The creative destruction of capitalism
To create, capitalism must also destroy.
You don't have to spend hours comparing this year's Fortune magazine list of top 500 U.S. companies with the list from 50 years ago to understand that cruel truth.
The fact that capitalism has to destroy old things in order to create new wealth and higher standards of living for the masses should be obvious to every breathing, thinking adult over 30. It isn't.
Many people - mainly the economic illiterates of mainstream journalism and the economic medicine men of politics who call for things like the outlawing of outsourcing - constantly decry or try to thwart the paradoxical process that economist Joseph Schumpeter long ago dubbed "the creative destruction of capitalism."
Schumpeter used the term to describe the heartless but ultimately beneficial waves of competition, innovation and entrepreneurial ferment that create and destroy and re-create our economic and social world.
Capitalism's creative hurricane is unstoppable. In 250 years, it has transformed us from a nation of sweating dirt farmers to a wealthy post-industrial service economy run by callous-free knowledge workers.
The evidence of the damage capitalism does to society is found in history books and on our main streets. Whole industries were destroyed.
Canals were made obsolete by railroads. Railroads were nearly wiped out by trucks and cars. Computers murdered the typewriter industry. Digital cameras are destroying Eastman Kodak's 100-year hegemony.
Capitalism's mighty wind blows away corner drug stores and topples corporate giants with equal ease. Look at Fortune's list of 10 largest corporations from 1954. General Motors, Ford and General Electric were there, as they are today. So was Esso (now Exxon-Mobil).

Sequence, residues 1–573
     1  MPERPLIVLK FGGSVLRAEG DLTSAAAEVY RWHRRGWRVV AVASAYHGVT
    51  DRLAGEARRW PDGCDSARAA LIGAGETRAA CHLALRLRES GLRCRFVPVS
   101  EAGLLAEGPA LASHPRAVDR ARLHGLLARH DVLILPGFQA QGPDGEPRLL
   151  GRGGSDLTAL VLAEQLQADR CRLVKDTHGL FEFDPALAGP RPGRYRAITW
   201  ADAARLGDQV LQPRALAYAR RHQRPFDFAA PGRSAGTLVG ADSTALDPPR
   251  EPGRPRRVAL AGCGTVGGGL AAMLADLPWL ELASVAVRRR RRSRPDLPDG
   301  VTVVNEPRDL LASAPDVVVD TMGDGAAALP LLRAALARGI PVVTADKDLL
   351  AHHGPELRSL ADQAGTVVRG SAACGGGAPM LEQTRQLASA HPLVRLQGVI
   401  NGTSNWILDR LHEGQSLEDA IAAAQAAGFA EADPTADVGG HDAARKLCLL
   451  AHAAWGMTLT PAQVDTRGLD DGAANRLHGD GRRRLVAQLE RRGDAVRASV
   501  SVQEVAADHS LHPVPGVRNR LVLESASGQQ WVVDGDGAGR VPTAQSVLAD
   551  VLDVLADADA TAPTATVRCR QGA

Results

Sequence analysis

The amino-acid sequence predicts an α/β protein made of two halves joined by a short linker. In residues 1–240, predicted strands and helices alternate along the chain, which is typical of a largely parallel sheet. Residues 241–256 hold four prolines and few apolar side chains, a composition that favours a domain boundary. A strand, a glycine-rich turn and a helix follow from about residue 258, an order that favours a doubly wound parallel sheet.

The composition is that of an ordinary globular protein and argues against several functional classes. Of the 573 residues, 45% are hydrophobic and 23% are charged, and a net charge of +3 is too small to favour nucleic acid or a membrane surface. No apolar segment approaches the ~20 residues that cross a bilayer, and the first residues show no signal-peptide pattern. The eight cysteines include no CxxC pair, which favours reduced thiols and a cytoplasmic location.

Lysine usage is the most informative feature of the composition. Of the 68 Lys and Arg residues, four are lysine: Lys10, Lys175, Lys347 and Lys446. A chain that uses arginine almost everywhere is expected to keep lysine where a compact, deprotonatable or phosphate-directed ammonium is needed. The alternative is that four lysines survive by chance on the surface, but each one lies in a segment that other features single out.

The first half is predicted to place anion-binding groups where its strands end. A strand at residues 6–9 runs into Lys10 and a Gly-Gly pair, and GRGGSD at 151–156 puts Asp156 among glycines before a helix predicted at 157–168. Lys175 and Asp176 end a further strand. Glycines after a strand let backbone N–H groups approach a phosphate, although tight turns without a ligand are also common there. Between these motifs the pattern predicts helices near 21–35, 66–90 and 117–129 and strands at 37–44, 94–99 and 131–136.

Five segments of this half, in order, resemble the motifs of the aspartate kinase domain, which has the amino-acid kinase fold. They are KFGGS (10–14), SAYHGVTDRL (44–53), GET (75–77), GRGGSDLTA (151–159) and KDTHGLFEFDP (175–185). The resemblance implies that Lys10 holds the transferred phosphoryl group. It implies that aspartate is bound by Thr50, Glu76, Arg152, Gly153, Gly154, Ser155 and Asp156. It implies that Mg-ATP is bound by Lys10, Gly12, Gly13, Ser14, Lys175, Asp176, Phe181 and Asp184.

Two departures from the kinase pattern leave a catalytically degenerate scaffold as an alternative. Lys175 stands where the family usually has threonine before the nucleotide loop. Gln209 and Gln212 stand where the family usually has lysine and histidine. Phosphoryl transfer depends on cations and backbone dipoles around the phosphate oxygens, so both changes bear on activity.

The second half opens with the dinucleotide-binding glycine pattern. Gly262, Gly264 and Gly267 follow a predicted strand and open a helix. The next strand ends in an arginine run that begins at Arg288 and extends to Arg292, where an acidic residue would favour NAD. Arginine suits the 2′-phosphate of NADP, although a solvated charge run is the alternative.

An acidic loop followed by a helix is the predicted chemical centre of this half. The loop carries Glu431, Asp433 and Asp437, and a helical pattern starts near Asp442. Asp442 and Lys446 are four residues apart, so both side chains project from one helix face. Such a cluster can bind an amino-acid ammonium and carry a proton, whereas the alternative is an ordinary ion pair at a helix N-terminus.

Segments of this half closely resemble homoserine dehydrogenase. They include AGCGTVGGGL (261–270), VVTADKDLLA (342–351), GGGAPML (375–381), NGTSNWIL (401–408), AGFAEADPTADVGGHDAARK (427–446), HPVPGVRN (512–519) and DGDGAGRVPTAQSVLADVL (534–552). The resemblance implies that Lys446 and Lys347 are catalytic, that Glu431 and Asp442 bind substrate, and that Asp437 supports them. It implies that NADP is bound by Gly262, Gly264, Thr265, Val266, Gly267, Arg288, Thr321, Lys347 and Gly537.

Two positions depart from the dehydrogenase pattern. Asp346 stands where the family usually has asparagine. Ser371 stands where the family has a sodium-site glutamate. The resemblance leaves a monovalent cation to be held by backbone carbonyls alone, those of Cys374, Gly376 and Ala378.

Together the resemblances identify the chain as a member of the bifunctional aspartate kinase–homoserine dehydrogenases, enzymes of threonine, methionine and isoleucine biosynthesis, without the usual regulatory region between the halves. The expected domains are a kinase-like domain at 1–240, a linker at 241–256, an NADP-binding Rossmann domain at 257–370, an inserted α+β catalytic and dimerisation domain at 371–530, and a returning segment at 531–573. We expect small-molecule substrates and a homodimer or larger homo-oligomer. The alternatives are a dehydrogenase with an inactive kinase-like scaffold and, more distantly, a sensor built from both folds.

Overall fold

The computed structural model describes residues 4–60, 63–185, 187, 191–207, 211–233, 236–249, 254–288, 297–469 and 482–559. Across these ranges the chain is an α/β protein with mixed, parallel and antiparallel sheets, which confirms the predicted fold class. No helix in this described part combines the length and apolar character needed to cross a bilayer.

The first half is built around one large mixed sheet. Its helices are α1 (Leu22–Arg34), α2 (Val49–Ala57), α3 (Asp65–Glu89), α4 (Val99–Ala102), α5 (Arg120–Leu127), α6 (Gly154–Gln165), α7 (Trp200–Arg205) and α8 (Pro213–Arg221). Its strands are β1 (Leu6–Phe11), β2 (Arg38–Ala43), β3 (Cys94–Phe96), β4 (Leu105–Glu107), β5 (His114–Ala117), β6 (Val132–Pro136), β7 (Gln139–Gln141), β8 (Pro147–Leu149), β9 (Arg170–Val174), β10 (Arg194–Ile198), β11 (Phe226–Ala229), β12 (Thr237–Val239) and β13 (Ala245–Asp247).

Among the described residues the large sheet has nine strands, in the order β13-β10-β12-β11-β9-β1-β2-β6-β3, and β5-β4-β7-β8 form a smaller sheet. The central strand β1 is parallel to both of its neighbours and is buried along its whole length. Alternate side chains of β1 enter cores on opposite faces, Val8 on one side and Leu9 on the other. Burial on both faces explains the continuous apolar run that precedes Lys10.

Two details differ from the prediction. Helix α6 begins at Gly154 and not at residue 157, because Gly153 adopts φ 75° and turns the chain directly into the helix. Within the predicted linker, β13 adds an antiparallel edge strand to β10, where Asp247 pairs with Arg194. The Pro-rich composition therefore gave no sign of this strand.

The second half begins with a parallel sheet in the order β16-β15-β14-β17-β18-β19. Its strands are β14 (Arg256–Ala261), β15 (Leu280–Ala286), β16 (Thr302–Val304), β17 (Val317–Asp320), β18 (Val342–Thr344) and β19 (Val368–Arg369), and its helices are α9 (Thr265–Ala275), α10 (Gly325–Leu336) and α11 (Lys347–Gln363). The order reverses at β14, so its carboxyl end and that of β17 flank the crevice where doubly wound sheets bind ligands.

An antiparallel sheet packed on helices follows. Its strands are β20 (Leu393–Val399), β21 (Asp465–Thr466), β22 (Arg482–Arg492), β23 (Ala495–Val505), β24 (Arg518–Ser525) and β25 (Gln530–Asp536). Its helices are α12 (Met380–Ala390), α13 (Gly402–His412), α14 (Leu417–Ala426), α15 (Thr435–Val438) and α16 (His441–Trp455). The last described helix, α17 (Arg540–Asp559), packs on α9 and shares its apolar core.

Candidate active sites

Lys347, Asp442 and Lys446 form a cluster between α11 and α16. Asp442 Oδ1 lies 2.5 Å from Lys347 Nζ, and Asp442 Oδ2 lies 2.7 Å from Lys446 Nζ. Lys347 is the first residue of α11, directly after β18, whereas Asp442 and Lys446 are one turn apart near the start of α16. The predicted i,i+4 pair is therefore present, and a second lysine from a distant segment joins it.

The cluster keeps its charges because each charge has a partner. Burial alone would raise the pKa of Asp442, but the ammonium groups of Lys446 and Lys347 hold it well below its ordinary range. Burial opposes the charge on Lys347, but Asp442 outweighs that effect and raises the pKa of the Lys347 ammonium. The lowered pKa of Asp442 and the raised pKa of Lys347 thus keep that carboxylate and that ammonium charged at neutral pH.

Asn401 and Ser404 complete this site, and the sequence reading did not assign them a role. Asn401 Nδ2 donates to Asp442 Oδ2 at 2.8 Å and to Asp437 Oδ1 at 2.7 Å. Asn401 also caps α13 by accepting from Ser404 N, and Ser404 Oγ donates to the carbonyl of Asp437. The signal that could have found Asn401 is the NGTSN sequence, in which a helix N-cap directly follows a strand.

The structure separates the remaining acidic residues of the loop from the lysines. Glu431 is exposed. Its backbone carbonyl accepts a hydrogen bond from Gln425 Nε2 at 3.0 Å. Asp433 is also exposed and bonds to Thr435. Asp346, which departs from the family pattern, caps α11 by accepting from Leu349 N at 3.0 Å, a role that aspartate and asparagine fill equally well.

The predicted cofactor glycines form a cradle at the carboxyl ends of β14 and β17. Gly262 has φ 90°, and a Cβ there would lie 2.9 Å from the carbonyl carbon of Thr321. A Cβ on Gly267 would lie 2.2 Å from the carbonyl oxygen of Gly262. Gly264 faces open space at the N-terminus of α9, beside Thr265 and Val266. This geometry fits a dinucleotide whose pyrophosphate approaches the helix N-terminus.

But so was mighty Gulf Oil, since 1984 a forgotten meal of No. 6 ChevronTexaco. So was U.S. Steel, now 209th on Fortune's list. Swift meats, today part of No. 85 ConAgra, was No. 5 in 1954. Wal-Mart, today's No. 1, did not exist.
Remember the Great Atlantic & Pacific Tea Company• Government trust-busters once worried it would monopolize America's grocery sector. Today A&P is virtually extinct, thanks to leaner, smarter chains like Safeway and Giant Eagle - which face the cutthroat predations of Wal-Mart and Costco.
Around here, former icons of local commerce like Isaly's, the Joseph Horne Co. and Hechinger's have disappeared. But now we buy what we need at Bruster's, Kohl's and Lowe's, often in greater variety for less. And when poor US Airways joins Pan Am in inefficient-airline heaven, we'll be flying JetBlue or AirTran.
The creative destruction of capitalism is not a pretty or tender process, as Pittsburgh's lost armies of manufacturing workers know too well. But the ever-grinding "churn" of capitalism, which simultaneously destroys and creates millions of jobs each year, ultimately produces more winners than losers in the long run.
It's a shame when the short-term price of progress is paid in lost jobs or fortunes by people you know and love. But capitalism - even the increasingly impure and over-regulated form we practice -- has made hundreds of millions of Americans rich, healthy and spoiled.
Its dual creative-destructive nature shouldn't surprise anyone anymore. Unless you work in protected government places like the U.S. Postal Service, a state liquor store or the Port Authority, it's the way capitalism works and always has.